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A GATHERING PLACE FOR STORYTELLING ABOUT DEPAUW UNIVERSITY
Surely Stacy Goodwin Lightfoot’s leadership at an education nonprofit won her the invitation in 2015 to testify before a U.S. Senate committee.
The hearing, after all, focused on the information students need about college options and, since graduating from DePauw in 1999, Lightfoot had spent her career guiding low-income and first-generation students to succeed in higher education.
But just as surely, Lightfoot’s life story positioned her as an expert able to speak from the heart about the pathway to college.
Lightfoot was the daughter of a single mother who made $12,000 a year so, as she told the committee, “statistics suggested that I would continue to live in poverty, work a low-wage job and not obtain a college degree.” But she attended a Chattanooga K-12 magnet school with a “culture of college-going” that sponsored a tour of Midwest colleges, including DePauw. Her counselor “knew enough about me to know that I would do well in a small liberal arts college environment” and, when DePauw offered a robust financial aid package, “it was a really, really good match. … I was able to grow so much into who I was.”
Leaders the World Needs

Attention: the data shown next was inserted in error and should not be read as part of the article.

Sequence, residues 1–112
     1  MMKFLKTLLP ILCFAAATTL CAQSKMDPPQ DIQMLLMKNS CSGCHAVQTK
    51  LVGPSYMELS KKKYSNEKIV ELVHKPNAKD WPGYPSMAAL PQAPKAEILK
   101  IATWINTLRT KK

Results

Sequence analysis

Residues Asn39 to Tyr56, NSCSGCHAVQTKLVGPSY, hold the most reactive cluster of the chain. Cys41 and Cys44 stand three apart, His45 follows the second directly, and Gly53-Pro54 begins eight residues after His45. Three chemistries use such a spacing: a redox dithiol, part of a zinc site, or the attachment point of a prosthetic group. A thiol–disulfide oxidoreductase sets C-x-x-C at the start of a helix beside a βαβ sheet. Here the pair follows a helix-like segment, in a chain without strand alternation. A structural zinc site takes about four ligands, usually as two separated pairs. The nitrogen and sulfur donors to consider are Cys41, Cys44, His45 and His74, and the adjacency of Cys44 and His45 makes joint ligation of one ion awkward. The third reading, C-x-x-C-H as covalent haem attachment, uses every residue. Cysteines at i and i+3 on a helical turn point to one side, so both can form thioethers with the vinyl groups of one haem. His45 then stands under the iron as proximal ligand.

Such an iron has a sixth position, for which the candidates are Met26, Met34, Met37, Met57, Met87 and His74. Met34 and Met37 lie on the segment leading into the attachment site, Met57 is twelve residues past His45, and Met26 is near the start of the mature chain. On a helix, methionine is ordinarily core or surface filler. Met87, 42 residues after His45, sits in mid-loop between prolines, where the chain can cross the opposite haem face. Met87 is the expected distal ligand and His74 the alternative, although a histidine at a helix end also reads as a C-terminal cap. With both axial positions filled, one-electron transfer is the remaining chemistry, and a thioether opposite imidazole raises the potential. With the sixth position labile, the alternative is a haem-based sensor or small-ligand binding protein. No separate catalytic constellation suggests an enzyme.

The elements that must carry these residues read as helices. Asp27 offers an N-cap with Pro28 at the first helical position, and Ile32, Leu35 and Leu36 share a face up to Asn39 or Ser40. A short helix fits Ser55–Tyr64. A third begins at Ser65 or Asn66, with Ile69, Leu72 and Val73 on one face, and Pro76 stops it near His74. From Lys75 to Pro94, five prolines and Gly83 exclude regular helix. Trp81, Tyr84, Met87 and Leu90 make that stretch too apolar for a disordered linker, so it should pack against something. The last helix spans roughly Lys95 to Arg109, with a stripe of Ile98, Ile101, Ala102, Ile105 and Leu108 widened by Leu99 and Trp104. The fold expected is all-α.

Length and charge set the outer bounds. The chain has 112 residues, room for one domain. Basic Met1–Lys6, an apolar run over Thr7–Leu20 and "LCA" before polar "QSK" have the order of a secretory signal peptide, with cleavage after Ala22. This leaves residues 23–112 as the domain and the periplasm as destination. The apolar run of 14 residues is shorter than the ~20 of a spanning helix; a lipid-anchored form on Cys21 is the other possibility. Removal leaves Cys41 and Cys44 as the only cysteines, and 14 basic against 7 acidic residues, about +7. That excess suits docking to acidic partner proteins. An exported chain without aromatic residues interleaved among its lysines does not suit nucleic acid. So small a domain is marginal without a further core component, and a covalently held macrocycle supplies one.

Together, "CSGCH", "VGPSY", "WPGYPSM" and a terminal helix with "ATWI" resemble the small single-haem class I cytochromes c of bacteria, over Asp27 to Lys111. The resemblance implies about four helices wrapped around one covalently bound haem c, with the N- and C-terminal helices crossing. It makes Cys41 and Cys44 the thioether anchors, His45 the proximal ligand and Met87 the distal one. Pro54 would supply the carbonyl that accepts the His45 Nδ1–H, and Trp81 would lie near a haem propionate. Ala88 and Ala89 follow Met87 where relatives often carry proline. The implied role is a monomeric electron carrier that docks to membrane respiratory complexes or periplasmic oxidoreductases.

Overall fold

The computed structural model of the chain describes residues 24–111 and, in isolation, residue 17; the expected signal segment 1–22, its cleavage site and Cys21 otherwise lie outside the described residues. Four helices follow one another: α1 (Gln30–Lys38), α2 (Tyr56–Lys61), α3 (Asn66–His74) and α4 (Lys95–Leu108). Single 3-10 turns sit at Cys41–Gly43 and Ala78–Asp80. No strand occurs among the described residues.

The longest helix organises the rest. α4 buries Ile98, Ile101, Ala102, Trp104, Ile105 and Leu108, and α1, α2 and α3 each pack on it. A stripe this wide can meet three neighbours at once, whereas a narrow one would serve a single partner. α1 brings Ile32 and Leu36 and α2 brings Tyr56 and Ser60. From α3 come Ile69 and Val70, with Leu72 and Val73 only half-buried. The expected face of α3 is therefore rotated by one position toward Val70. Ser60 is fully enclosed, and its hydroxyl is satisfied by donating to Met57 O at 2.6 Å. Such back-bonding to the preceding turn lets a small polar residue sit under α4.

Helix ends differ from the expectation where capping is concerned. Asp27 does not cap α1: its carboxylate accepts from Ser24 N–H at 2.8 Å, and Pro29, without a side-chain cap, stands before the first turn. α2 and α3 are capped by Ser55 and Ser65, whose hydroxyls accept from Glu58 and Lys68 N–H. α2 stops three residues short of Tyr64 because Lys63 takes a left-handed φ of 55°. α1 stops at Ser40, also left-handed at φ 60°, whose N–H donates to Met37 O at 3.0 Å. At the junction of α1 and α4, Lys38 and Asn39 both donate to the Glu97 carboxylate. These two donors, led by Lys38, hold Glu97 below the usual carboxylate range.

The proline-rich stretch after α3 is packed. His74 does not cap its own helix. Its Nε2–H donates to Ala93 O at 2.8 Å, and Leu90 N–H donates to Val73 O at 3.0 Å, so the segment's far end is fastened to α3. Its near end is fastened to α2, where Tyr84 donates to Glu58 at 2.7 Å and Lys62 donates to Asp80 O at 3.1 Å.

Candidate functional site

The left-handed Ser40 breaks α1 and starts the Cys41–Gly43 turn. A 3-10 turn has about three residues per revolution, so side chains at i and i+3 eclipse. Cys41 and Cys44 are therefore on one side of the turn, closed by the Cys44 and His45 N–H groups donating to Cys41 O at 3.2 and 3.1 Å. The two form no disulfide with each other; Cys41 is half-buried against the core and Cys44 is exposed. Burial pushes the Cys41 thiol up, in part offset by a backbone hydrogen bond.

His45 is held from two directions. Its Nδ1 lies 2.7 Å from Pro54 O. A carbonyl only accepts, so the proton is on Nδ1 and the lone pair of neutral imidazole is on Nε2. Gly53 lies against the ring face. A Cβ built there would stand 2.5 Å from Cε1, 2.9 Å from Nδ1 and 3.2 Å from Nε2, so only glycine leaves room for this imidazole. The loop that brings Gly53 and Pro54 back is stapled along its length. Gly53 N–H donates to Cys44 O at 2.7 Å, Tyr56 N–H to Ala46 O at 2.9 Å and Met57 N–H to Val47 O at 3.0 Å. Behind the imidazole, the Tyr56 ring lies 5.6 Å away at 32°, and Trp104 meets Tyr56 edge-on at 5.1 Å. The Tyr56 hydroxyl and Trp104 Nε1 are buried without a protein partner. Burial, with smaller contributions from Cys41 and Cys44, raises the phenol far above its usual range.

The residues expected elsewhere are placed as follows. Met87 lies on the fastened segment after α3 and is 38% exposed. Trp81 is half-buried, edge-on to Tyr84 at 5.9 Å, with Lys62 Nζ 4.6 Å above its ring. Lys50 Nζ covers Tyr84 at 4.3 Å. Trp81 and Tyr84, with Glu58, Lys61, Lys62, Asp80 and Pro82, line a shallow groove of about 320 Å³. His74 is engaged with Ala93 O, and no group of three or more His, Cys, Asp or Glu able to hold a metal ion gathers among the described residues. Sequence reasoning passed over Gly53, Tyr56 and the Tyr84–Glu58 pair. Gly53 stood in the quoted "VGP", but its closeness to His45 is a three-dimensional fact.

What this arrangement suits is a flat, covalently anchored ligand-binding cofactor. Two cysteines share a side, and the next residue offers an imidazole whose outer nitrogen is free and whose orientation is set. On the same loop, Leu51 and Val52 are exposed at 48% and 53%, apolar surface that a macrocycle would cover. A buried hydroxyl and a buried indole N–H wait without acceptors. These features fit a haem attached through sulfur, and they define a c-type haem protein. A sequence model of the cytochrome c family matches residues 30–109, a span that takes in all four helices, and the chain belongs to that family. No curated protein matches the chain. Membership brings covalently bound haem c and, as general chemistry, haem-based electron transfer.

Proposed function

Lightfoot majored in communications with a concentration in theatre, expecting that theatre was her future. As a Bonner scholar she also spent many hours in service. So when that same counselor recruited her to be a camp counselor during summers, Lightfoot responded. When the counselor started Camp College to encourage students of color to go to college, Lightfoot chaperoned. When Lightfoot graduated from DePauw, the counselor helped her get a job at Girls Inc. And when Lightfoot was writing her master’s dissertation, the counselor recruited her to work for the College Access Center she had started. It merged with the Chattanooga-Hamilton County Public Education Fund in 2009, and Lightfoot has worked her way up to vice president of college and career success.
“I fell into my passion because of her mentorship, because of her knowledge,” she said. “And now I want to be the Susans – and I have been the Susans – for other students.”
Lightfoot does not regret turning away from a theatre career. Her DePauw adviser, Steve Timm, urged her “to explore other things and to learn other things,” she said. “That’s the hallmark of what a liberal arts education does. You learn a little bit about a lot, as opposed to learning a lot of information about just one thing that you want to do. …
“No, I did not go to college to become the vice president of college and career success,” she said. “Like, who does that? People don’t major in what they end up doing. They may use some of the skills from what they majored in. … There really are very few careers where you have to major in that thing in order to become something. Someone can major in English and still become a doctor. You can major in art, art history, and still become a lawyer. And DePauw helped me realize that.”
Timm recalled Lightfoot’s 1996 performance in “Marat/Sade,” which he directed. “Stacy sang with a conviction transcending the given circumstances of the play; her voice revealed an absolute determination to shape the future. One couldn’t listen to her without thinking she was destined to make plenty of good noise down the road. And to the benefit of many, that’s exactly what she’s done.”